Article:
Nick Frost is often viweed as joined at the hip with his two best friends, Simon Pegg and Edgar Wright. But all three regularly go off on their own. Frost’s latest solo work is “Cuban Fury,” a “Marty”-like underdog rom-com in which he plays a sadsack who decides to reignite his youthful love for salsa dancing in order to win over his dream girl (Rashida Jones). Though he’s credited with the story, it definitely isn’t autobiographical.
Are you a dancer in real life?
I’ve always liked dancing. All my mates, all my male mates — we’ve all danced. We’re not that type of people where, because of our heterosexual ego, we’re afraid to dance. But I have a complex relationship with dance, which comes from the fact that I rarely want to do it if it’s expected of me. If someone badgers me, “Do you wanna dance?” I would rather lose a foot than dance with that person. I didn’t want to dance at the wedding with my wife. I like dancing and my wife likes dancing, and we have danced a lot. But that’s when you’re out and about and you’re having a disco or you’re having a party.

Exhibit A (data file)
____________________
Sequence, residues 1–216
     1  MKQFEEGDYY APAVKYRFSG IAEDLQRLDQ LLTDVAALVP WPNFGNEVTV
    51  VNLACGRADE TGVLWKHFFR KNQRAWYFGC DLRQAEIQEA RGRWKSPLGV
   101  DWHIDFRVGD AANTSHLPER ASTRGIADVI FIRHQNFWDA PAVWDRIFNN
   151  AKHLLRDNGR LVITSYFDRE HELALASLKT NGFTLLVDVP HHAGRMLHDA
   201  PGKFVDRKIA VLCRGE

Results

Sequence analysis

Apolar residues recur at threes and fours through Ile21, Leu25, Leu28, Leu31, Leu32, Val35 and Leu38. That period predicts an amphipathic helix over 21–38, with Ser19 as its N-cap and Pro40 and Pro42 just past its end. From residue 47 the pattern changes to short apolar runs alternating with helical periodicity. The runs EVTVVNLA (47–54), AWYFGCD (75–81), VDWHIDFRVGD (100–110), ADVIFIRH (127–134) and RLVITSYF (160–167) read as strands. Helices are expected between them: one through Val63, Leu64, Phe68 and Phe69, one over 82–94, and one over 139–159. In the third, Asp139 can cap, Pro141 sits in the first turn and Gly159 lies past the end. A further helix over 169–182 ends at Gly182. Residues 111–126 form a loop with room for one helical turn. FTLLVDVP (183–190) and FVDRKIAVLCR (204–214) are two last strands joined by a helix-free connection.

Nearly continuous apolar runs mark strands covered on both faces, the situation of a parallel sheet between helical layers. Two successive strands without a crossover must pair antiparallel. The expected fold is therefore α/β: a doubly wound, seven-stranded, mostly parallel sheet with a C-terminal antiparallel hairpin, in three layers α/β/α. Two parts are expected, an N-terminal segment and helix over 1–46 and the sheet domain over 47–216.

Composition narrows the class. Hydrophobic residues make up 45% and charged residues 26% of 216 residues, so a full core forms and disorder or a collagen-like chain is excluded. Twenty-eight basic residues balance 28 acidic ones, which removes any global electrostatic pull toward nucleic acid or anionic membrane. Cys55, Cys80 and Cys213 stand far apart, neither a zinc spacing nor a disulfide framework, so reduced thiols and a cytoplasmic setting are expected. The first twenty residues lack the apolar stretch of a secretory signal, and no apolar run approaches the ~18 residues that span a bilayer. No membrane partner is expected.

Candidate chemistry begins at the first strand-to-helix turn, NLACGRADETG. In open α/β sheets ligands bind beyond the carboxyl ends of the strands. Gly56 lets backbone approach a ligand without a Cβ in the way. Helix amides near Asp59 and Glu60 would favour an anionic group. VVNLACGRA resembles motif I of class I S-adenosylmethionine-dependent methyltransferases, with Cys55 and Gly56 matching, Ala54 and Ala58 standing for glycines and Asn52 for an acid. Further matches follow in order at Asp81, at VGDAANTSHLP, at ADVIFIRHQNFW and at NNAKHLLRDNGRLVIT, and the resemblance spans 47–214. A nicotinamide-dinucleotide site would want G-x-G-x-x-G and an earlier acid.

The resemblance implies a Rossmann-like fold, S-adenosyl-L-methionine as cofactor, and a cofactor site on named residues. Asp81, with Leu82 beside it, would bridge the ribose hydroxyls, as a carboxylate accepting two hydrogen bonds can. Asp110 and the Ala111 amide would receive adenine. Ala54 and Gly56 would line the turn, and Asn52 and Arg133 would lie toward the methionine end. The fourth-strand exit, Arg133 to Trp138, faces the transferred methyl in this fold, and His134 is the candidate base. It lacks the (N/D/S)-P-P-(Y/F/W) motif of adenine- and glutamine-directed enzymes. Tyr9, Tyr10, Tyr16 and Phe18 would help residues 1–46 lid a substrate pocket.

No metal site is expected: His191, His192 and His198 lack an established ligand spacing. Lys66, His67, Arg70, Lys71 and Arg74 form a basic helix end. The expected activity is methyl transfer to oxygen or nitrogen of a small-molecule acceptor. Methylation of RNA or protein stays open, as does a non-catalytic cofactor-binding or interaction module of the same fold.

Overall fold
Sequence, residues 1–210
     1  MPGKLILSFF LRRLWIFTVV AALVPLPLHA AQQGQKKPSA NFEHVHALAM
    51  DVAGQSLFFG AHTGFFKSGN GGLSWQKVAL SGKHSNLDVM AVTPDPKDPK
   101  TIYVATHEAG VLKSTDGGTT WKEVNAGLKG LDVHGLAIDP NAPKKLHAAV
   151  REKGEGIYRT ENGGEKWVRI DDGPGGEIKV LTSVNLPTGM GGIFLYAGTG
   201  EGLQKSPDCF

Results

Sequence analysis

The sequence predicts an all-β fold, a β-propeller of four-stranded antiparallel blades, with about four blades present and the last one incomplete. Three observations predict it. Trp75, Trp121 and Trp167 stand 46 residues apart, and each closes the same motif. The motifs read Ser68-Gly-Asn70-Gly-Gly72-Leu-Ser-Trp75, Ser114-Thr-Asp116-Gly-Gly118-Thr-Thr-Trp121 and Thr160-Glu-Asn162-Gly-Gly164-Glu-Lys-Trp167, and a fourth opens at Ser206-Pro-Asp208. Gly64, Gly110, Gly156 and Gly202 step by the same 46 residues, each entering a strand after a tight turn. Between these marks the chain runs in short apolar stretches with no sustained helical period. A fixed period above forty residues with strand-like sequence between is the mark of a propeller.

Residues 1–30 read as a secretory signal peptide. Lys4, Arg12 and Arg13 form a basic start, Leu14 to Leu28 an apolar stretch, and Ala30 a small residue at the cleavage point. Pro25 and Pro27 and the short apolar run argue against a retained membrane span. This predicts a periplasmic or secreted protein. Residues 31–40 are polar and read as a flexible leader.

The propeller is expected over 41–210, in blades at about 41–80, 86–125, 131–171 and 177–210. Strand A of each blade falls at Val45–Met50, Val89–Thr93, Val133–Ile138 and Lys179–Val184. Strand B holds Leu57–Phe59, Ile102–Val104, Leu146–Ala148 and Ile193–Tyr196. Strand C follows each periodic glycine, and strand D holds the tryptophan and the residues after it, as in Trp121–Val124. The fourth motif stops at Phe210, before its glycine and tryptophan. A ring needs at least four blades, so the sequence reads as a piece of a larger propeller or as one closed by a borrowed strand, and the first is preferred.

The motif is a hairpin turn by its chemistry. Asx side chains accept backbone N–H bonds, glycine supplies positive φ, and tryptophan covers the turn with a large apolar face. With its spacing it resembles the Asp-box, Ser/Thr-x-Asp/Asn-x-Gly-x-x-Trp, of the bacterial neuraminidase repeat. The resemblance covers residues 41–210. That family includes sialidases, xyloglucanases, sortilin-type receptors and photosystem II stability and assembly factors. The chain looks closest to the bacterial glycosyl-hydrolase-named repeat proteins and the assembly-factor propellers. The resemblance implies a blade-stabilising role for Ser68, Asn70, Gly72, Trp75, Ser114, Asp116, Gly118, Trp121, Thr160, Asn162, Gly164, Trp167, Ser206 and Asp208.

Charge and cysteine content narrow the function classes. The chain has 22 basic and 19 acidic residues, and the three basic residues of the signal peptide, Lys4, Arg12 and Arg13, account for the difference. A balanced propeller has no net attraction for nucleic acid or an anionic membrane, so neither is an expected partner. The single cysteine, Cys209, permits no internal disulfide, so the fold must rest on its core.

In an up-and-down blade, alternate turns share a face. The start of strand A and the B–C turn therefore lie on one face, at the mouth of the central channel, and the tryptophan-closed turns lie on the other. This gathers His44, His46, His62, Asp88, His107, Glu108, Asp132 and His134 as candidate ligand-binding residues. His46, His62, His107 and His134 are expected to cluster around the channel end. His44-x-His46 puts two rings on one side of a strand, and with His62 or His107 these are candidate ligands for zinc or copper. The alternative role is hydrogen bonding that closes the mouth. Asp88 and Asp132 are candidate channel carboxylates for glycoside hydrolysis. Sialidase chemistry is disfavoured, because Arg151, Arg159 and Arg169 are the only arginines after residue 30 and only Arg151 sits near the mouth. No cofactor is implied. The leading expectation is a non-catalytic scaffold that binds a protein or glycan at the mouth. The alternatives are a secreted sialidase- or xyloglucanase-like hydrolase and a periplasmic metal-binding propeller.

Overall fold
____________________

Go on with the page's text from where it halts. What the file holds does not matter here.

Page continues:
You do dance well, though.
Being a big man who can dance well, there’s a weird look that thinner people who can dance give you, which is the look you give a 13-year-old boy who’s overcome a terrible disease and gone on to complete a half-marathon. “Go for it, big guy!” F— that, f— you.
Why salsa? Had you done salsa a lot before?
No, not at all. And I had to get over how, in my culture, you don’t dance with a girl. You’re near someone. You don’t hold them. There was a lot that was hard about the training, but the first two weeks of trying to avoid touching the top of someone’s bum a little bit was hard. You have to get over that complete Hugh Grant-ness of being a gentleman.
How bad was the training?
It was seven hours a day, six days a week for seven months. It was amazing and terrifying in equal measure. That first hour of day one, I just thought, “F— this, I’m never going to be able to do this,” because I’d never done anything like it before. You’re essentially in a box of mirrors. Mirrors are everywhere. You can’t even avoid looking at yourself murdering the thing your trainers love.
The story hews pretty close to a certain formula.
There’s been criticism about the story being kind of done before. And it has. [Chuckles] That’s how the underdog story works. There has to be a montage of the training process and he either gets the girl or doesn’t get the girl, he scores the touchdown, he does the scorpion kick, like at the end of “The Karate Kid.” It works as a formula. The comedy and the character, that’s what puts us apart.
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